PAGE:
Identity, Authority and Evolution of Order: the trajectory of dueling simulated
Borrowing from public choice literature, while aristocratic civil wars can be regarded as anarchy, and the monopoly of violence by the state as Leviathan, duel of honor is an orderly anarchy. The sudden or gradual withering of duel of honor as an institution marks the transition to the monopoly of violence by the state in Europe. In this paper, we endeavor to capture this transition by introducing a computational model where a simulated agent considers three sets of factors to make its dueling decision: 1) its own characteristics such as dueling skill; 2) its identity such as the reaction received from other members of its own social group; and finally 3) the reaction of the authority such as the possible punishment that could be inflicted by the state against dueler. These factors then interact through a dynamic utility function affected by both optimization and learning processes. The results of our agent-based computational model which are validated against the historical evidence from England, France, and Germany show that a complex, aggregative historical process may be consistently explained on the basis of rational choice of heterogeneous individual agents conditioned by their group identity and authority (organizational) influence.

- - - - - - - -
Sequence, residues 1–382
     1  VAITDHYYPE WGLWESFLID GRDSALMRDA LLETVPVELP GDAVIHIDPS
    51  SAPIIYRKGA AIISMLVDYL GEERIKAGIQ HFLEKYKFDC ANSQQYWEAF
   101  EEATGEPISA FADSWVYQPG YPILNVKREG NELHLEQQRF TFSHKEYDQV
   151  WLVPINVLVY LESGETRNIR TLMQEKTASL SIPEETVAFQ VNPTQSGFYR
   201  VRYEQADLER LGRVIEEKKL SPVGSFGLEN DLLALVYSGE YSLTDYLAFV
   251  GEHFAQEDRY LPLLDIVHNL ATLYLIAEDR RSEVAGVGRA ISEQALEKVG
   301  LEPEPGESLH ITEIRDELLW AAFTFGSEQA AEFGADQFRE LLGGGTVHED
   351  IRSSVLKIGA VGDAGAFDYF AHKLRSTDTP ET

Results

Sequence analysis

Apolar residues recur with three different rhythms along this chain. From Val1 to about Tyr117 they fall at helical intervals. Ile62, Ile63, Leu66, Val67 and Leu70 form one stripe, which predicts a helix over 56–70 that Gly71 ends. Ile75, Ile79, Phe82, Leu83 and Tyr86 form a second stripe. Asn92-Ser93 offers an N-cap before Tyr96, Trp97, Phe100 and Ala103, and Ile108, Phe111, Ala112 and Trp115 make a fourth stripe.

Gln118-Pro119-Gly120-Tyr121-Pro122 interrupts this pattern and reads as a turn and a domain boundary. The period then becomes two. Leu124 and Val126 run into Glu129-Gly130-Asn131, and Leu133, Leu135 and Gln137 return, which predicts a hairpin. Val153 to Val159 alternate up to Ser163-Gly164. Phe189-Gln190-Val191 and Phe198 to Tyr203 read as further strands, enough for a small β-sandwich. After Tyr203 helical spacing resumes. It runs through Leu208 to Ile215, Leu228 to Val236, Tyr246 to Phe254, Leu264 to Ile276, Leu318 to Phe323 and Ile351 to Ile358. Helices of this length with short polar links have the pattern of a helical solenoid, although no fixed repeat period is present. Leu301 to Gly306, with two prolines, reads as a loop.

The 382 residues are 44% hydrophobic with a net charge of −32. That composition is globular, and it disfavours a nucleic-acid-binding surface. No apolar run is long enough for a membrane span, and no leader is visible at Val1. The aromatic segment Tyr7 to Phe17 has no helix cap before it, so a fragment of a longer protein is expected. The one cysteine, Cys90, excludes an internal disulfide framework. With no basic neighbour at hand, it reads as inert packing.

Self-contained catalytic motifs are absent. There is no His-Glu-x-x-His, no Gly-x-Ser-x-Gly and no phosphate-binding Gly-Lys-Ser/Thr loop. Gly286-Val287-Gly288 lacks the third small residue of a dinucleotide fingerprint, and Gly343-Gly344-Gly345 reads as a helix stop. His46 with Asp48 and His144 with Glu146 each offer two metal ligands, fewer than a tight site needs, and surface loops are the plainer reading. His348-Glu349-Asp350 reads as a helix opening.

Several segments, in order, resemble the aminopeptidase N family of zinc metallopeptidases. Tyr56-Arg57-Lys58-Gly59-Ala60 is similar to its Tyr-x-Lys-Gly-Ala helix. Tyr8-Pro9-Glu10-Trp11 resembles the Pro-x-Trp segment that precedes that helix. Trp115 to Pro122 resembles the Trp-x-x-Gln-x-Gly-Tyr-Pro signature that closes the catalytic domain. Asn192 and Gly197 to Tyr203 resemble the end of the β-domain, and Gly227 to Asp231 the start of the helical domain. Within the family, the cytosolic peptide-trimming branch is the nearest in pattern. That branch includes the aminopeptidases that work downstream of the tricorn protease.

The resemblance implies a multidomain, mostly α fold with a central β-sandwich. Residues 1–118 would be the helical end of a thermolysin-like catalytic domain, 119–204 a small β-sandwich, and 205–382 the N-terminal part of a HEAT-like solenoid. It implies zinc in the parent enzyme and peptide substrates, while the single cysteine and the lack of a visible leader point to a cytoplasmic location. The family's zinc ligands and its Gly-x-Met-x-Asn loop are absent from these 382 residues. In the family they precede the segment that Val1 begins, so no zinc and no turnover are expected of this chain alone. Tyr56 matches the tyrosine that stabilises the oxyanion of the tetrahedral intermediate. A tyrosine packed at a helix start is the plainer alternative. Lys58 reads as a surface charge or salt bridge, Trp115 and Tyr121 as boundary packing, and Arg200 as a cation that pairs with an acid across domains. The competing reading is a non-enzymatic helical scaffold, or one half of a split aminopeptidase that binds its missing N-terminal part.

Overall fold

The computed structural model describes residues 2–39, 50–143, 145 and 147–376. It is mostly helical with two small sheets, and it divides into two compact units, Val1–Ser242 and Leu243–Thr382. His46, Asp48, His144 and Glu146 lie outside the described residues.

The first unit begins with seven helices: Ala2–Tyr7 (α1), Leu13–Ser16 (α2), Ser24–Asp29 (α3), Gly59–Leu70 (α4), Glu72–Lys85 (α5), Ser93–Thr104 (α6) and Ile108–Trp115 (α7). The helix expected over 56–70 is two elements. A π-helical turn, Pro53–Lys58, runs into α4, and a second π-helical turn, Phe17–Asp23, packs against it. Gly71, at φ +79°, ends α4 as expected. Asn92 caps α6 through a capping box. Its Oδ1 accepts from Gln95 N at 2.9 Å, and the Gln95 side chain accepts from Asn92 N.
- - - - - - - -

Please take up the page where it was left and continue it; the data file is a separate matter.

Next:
|Date of creation:||Jan 2013|
|Date of revision:||10 Jul 2013|
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